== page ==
Category Archives: Economic History

A Brief History of the Bank of England’s Endogenous Money Policies: An Ode to Roy Harrod

Roy Harrod, usually remembered today for his part in the development of the Harrod-Domar growth model was also, so far as I can see, the most sophisticated monetary economist among the early Post-Keynesians. His book Money, designed as a sort … Continue reading

Posted in Economic History, Economic Theory | 16 Comments

Exploring Inequality: Real Wages and Productivity Growth

I recently had an argument with a few New Keynesian types in the comments section of Lars Syll’s blog. I won’t get into the nuances here as they are not very interesting. Basically the New Keynesians were trying to defend … Continue reading

Posted in Economic History, Economic Policy, Economic Theory | 120 Comments

Why the Value of Contemporary Money is Not Dependent on the Value of Gold

I note that there is oftentimes confusion today when the gold standard era is brought up. The reason for the confusion when discussing this era is because the monetary system functioned in an entirely different way. The confusion goes two … Continue reading

Posted in Economic History, Economic Theory | 7 Comments

Arguments Against Free Trade and Comparative Advantage

In response to Krugman’s awful dismissal of heterodox economics the other day (see here) Ramanan has dug up an old quote reminding us that Krugman actually got his Swedish bank prize for being a defender of the status quo. In … Continue reading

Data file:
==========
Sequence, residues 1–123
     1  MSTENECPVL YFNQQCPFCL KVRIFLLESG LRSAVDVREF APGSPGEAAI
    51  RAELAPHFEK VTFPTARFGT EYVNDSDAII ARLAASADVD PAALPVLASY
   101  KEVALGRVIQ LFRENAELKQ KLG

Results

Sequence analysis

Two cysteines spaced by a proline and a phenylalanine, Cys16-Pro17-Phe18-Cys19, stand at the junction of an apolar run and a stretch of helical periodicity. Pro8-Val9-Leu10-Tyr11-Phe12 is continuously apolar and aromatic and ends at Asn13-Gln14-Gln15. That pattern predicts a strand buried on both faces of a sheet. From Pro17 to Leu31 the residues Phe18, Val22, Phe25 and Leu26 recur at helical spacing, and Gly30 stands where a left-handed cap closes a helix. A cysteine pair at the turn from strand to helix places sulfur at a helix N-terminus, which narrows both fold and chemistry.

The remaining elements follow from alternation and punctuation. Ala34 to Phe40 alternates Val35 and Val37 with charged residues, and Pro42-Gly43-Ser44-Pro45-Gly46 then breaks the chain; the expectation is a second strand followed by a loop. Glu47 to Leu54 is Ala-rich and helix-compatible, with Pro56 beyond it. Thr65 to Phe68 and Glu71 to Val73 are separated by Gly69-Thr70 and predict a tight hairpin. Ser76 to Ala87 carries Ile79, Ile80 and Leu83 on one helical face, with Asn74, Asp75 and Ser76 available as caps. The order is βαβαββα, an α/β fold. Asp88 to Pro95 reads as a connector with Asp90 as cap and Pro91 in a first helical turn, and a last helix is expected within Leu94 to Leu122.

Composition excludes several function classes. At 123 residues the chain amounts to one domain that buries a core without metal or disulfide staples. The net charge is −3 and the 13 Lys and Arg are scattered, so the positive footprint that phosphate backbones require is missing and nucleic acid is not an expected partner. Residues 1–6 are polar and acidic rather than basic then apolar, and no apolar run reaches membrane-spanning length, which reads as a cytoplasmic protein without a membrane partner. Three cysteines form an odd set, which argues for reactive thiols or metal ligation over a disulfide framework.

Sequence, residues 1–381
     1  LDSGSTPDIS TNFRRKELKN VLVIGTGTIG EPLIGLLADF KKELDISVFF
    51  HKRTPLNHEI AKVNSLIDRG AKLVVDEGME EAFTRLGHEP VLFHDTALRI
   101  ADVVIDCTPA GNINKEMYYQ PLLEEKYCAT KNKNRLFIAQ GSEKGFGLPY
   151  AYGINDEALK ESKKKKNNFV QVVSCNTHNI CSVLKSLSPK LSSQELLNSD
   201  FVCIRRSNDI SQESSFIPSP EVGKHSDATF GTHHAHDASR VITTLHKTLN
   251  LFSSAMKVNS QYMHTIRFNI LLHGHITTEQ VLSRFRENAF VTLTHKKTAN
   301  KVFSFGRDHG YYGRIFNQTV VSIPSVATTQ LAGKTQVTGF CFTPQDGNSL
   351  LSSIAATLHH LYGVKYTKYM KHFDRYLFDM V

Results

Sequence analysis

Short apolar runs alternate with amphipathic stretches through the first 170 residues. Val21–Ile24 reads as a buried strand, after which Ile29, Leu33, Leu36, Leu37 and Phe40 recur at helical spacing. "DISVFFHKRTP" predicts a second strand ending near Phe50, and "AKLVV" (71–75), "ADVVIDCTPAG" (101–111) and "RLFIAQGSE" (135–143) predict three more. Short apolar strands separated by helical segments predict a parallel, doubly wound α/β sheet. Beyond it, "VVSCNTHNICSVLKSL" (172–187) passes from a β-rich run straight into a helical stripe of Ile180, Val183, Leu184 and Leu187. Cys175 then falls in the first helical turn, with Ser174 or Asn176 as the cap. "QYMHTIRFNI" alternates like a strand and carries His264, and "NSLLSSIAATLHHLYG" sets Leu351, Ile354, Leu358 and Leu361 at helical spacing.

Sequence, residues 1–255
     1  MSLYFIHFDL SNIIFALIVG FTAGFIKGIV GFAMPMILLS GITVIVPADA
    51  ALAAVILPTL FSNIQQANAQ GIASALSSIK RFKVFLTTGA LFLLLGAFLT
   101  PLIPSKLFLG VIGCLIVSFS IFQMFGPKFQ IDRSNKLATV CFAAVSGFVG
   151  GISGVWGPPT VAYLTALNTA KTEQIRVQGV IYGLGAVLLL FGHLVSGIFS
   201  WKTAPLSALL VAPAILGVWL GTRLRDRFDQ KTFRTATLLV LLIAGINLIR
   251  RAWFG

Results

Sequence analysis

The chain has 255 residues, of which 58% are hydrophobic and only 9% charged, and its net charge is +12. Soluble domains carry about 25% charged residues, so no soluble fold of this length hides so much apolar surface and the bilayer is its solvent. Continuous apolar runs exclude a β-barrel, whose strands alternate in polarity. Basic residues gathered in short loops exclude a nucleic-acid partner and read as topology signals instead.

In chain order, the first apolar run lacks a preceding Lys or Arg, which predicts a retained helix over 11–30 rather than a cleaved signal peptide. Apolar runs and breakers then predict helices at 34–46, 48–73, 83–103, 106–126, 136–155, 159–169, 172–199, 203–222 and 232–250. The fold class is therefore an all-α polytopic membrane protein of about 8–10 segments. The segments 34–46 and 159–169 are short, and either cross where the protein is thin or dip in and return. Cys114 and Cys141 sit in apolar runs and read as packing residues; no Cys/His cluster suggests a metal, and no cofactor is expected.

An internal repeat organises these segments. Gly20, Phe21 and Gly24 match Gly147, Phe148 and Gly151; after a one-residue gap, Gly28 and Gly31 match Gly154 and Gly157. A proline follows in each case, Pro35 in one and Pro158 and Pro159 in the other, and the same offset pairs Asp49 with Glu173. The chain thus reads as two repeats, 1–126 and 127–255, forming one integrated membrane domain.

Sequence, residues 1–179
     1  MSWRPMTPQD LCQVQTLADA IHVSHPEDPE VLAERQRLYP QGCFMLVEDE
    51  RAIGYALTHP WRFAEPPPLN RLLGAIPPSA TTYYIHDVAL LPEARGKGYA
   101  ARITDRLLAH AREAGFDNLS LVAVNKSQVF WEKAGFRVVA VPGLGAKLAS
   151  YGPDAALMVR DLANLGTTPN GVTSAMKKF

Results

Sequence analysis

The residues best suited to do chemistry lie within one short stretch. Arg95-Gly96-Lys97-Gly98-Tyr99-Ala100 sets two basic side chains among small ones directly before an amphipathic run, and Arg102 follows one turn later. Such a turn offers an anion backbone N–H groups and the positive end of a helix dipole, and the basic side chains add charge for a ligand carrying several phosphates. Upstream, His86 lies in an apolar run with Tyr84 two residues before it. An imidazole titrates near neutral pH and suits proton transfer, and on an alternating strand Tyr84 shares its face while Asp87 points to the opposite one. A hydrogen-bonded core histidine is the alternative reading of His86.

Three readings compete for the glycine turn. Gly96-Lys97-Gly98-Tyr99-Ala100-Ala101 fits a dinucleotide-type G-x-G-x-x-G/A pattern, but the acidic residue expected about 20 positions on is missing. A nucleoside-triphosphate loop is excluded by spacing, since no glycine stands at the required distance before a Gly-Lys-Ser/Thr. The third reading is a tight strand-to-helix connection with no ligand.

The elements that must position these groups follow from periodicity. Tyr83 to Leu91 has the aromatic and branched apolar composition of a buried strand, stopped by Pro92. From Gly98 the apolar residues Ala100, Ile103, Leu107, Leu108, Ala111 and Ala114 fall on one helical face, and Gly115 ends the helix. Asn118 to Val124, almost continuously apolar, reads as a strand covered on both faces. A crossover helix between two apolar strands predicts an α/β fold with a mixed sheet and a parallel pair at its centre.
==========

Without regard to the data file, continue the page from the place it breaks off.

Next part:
Posted in Economic History, Economic Policy, Economic Theory | 16 Comments

Piketty’s Regressive Views on Public Debt and the Potential Impact of His Book

Piketty’s Wikipedia page says that he’s a Keynesian. Well, I don’t see it at all. His book contains a section on the public debt in historical perspective and it is desperately misinformed. A caveat first though: I actually like Piketty’s … Continue reading

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Posted in Economic History | 12 Comments

Unemployment and Wages in the US: A Tale of Institutional Change

Just a very short post this morning to highlight an incredibly interesting chart that I put together. Below I have mapped out year-on-year changes in wages against the unemployment rate. The results are very interesting indeed. As we can see, … Continue reading

Posted in Economic History | 3 Comments

The Interaction of Economists and Money Cranks in the Depression Years

Yesterday I ran a post that briefly delved into the connection between Keynes and the money cranks of the 1920s and 1930s. There I showed that Keynes’ ideas cannot be said to have been influenced in any substantial way by … Continue reading

Posted in Economic History, Economic Theory, Politics | 90 Comments

The Yield Curve and Recessions: Against US-Centricism

One of the nicest stylised facts in applied economics is that if the Fed inverts the yield curve it will cause a recession. Inverting the yield curve basically means that the Fed hikes the short-term interest rate goes higher than … Continue reading

Posted in Economic History, Economic Policy, Economic Theory | 24 Comments

The British Financial Account 2002-2012

Today I published an article on The Guardian’s website entitled The left needs a deft touch in tackling the financial sector’s dominance. In the article I made the case that the value of the sterling is inherently tied up with … Continue reading

Posted in Economic History, Economic Policy | 1 Comment

Making Sense of the Sterling Depreciation of 2007-2008

Something rather strange happened in Britain around the time of the financial crisis. The sterling tanked, import prices rose substantially and yet the inflation rate didn’t respond as much as we might assume. Other weird stuff happened too. For example, … Continue reading

Posted in Economic History, Economic Policy | 20 Comments